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Greg Prince and Jason Fry
Faith and Fear in Flushing made its debut on Feb. 16, 2005, the brainchild of two longtime friends and lifelong Met fans.

Greg Prince discovered the Mets when he was 6, during the magical summer of 1969. He is a Long Island-based writer, editor and communications consultant. Contact him here.

Jason Fry is a Brooklyn writer whose first memories include his mom leaping up and down cheering for Rusty Staub. Check out his other writing here.

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Wheels Down

Getting your bearings when you show up in the middle of a radio broadcast is always hard, and generally at least mildly comical.

So it was with me, back in New York more or less for keeps. The second the plane from Salt Lake City hit tarmac at JFK, I flipped on my radio. Something big was going on — that much was obvious. The crowd was roaring “JOSE! JOSE! JOSE! JOSE!” The crowd sure didn't sound like it was on the wrong end of a 7-1 score. But then Howie and Tom were talking about a fracas, something Jose was in the middle of. Jose Oliva Alomar DiFelice Not Thrown out Bucknor Now at Third JOSE JOSE JOSE JOSE. That's what I was left trying to process, with my ear and the earbud and the radio and my hand and the airplane window making a rather ludicrous sandwich.

Oh my goodness, I thought — have the Mets finally engaged in their first fisticuffs since Pete Harnisch decided Scott Servais's attitude would be improved by some shots to the jaw? I was briefly pleased — it's fairly amazing and somehow faintly unmanly for a baseball team to go 11 years between dust-ups, and Reyes seemed not to have been excused from the proceedings. But then I got paranoid. Maybe things aren't so good after all. Maybe I'm hearing the crowd finally releasing all its emotions because the Marlins are up 4-1 but the Mets are being rather literal about showing some fight.

Nope. As if he'd known I'd be coming in late, Howie Rose rather breathlessly noted that there was a lot going on for a game that was only half-over. The Mets are up 10-0 and John Maine is throwing a no-hitter, he explained.

Oh. OH!

It took forever to get home — JFK to the Van Wyck to the LIE to the BQE, with traffic all the way. I didn't care. The cabbie had the game on, and obligingly turned it up for me. As Maine came closer and closer to history, I found myself fretting. How typical for the Mets' first no-hitter to be a deck instead of a hed. (Newspaper talk, but you get the idea.) One of the first Faith and Fear blog posts I ever wrote in my head was about the aftermath of that impossible-to-imagine feat. After Andino's ball took a funhouse hop off Wright's knee to Reyes' glove, I started wondering if I should stick to the program and unleash that long-ago-composed post, or scrap it for the bigger news of the day. Mike Jacobs struck out as the taxi neared Brooklyn Heights (five outs to go), so I started worrying about jinxes. What if I walk in the door and some Marlin call-up immediately gets a hit? Shouldn't I stay out on the stoop listening to the radio? But that's insane — Maine was recording outs when I was 30,000 feet over the Midwest. And all the time I'm worrying about the Phillies and tomorrow and what it all means, annoyed with myself for being preoccupied with the sideshow of the no-hitter when we were still trying to ram our way back into the big top.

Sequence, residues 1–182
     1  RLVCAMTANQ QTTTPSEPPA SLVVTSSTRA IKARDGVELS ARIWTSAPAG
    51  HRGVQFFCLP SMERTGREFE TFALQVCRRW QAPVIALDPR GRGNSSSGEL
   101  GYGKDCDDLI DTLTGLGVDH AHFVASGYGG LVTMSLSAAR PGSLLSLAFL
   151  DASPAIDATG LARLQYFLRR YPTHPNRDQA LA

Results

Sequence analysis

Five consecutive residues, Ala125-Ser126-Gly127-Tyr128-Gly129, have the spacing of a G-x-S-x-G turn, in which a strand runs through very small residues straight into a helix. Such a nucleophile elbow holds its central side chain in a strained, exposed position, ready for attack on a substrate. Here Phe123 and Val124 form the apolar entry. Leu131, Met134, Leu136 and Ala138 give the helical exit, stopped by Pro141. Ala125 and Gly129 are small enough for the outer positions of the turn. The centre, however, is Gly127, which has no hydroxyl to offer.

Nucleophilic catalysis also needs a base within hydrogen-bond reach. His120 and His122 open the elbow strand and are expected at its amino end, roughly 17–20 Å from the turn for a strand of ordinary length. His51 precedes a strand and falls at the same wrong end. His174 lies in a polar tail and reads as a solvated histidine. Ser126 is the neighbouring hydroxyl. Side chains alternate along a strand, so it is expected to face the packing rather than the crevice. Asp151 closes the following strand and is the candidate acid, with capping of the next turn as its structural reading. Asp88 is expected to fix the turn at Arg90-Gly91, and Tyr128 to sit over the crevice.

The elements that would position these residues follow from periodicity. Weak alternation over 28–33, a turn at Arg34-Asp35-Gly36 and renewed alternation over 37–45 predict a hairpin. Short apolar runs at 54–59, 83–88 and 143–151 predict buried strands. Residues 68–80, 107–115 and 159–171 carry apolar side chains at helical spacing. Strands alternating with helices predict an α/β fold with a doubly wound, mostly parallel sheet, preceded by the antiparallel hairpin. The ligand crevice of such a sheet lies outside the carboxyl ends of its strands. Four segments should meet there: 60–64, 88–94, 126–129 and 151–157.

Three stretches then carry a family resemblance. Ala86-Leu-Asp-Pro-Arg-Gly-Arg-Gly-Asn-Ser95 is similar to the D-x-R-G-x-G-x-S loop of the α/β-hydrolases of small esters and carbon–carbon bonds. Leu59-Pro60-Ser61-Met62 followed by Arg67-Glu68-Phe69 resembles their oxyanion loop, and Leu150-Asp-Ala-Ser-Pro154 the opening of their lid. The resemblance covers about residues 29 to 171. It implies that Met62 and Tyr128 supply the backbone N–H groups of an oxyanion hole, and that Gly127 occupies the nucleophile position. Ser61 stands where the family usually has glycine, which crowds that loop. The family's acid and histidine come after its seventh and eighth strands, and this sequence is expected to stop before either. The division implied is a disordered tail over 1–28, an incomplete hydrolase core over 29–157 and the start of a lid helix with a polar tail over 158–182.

The Mets being the Mets, Maine of course didn't do it — Paul Hoover's little worm-killer won him admission to the Clubhouse of Curses, and Maine had to content himself with a performance that was merely godlike. Paul Hoover, Jeez Louise. Tom McCarthy was going on and on about how the Marlins' lineup was now without Hanley Ramirez and Miguel Cabrera (whose pathetic sloth would probably have gotten him thrown out, had he switched places with Hoover). Tom clearly thought this was of import, but I was shaking my head. Didn't he know it's always the guy you've never heard of — the Kit Pellow or Jimmy Qualls of the roster? Paul Hoover is a 31-year-old journeyman catcher who arrived at the ballpark today with eight career hits. Of course it was going to be him. If you'd told me the Marlins would keep us in the no-no cold with a 45-foot dribbler with two outs in the eighth and showed me the roster, I would have pointed right to Hoover. Because I'd never, ever heard of him.

And you know what? Who cares. Maine pitching a one-hitter, Maine pitching a no-hitter, Anderson Hernandez getting the win in emergency relief in the 23rd inning — the only thing that mattered today was that W. And we got it, and the L from Philadelphia a couple of hours later. (And a much-needed L from San Diego not long after that, with the Padres' postseason celebration was delayed by Tony Gwynn Jr. Baseball doesn't need surrealists — the surreal is built into the very fabric of the game.)

Our season could have ended today, but it didn't. And now matters are clear: Win, and get to play at least one more game. For a team that's battled complacency and a fan base that's struggled with its own expectations, that stark simplicity should concentrate the mind marvelously. Tomorrow is enormously simple and simply enormous.

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